Some recipes have names that might seem a little misleading, if not downright off-putting: Frogmore stew, a stew not actually made with frogs, is one example, as is the equally amphibian-free toad in the hole.
Welsh rabbit (or rarebit) is also a perfectly harmless dish of toast with cheese sauce without a bit of rabbit meat. This eel sauce is also such a recipe. If you clicked on the recipe and wondered how to make an eel sauce, then we have to disappoint you. While something like that may exist out there somewhere, you won’t learn how to make it here.
Instead, you get something from a recipe developer Jaime Shelbert describes it as “a sweet, thickened soy sauce.” She goes on to say, “Its sweet and salty flavor profile makes it a versatile accompaniment to a variety of Japanese dishes.” As for the taste, Shelbert says that eel sauce is similar to hoisin or teriyaki sauce, although it doesn’t have the strong, almost molasses-like flavor of the former.
Gather your ingredients for eel sauce
You only need a few ingredients to make this sauce. First, you need sugar – plain old granulated sugar. You also use soy sauce (tamari can be substituted) and mirin. Shelbert notes that she sticks to just three ingredients to “[keep] it’s simple and classic,” but she does say sake can be added to it. You may want to use this ingredient to replace some (or all) of the mirin.
Combine the ingredients in a pan
Mix the ingredients for the eel sauce in a saucepan. While the amounts provided here make about 1 cup of sauce (sugar loses volume as it dissolves, plus some of the liquid boils away), you can easily make a smaller or larger amount simply by combining equal amounts of all three ingredients. If you can’t find a measuring cup or spoon, no problem. Pour the liquids into a shot glass, a teacup, a bottle cap…it doesn’t matter as long as you reach the magic 1:1:1 ratio (or at least approximate).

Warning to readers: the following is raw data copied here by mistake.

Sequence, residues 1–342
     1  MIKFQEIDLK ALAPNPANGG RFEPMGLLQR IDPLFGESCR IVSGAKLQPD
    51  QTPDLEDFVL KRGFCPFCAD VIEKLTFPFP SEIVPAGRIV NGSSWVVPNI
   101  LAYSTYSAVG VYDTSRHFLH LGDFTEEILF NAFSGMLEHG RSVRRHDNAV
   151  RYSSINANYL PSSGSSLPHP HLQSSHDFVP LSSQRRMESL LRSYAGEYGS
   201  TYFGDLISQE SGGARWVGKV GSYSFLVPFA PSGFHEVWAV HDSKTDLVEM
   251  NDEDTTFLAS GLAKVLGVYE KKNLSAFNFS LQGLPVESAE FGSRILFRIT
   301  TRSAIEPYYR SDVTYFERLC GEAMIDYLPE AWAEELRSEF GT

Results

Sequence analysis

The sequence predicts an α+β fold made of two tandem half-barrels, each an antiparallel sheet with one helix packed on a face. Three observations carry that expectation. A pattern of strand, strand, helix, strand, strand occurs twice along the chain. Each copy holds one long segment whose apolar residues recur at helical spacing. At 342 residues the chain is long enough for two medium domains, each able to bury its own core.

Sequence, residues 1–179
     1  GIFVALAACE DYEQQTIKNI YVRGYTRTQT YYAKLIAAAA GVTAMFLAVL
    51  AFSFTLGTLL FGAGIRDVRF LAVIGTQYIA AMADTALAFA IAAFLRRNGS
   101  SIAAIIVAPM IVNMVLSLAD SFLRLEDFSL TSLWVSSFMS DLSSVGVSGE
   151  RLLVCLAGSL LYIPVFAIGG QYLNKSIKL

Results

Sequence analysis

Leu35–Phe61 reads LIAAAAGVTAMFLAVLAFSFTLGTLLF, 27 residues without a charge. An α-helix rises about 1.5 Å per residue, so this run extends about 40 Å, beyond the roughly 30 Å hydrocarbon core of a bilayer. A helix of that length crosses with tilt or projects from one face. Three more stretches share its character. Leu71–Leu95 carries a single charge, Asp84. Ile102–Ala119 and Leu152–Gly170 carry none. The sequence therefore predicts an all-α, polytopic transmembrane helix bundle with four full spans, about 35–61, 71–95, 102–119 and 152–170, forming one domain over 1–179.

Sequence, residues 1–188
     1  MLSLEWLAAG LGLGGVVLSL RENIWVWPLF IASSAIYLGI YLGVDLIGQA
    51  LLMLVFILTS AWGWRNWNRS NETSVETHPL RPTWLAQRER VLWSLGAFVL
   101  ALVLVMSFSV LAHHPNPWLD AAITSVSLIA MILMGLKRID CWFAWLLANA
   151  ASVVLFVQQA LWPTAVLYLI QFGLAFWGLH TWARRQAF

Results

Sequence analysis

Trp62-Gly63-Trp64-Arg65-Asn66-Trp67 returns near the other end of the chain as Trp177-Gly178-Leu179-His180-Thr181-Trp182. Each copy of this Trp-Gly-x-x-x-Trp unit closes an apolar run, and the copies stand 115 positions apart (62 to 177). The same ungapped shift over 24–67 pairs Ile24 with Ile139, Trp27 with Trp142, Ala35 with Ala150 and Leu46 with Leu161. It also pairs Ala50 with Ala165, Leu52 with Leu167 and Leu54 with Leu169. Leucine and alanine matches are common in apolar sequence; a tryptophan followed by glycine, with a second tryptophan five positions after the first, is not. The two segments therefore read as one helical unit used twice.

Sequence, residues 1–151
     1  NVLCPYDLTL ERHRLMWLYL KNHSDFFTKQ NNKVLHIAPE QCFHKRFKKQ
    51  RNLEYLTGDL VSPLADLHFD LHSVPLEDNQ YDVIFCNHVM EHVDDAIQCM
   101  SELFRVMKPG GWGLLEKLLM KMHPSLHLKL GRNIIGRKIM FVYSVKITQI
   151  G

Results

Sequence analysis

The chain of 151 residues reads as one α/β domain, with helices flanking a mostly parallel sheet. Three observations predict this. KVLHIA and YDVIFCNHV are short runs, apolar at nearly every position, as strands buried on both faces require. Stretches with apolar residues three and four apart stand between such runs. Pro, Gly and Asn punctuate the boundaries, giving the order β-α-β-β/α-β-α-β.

Cook the eel sauce
Turn the burner to medium-high and heat the sauce, stirring, until the sugar has dissolved. Let the sauce come to a boil and keep it on the boil for a minute (keep stirring as well). Turn the heat to low and cook the eel sauce for another 10 minutes, until it starts to thicken. Shelbert notes that the sauce should reduce by about a quarter in volume, so if you’re good at that sort of thing, use this as a guideline.
Cool and bottle the eel sauce
Let the sauce cool for a few minutes while you decide what to do with it. As Shelbert notes, “The sauce will continue to thicken to a honey-like consistency as it cools.” You can use it right away or put it in a jar or bottle in the fridge for later use.
Whatever to do with your eel sauce, you can of course cover your grilled eel with it, as this is the traditional use from which it takes its name. (Bet you were wondering when we were going to explain that.)
Not a fan of grilled eel? It’s probably just as good, considering American eel is scarce these days. However, Shelbert suggests that you could also use eel sauce “as a seasoning for sushi, as a marinade for meat and vegetables, as a topping for meat or tofu. [or on] vegetable and rice bowls.”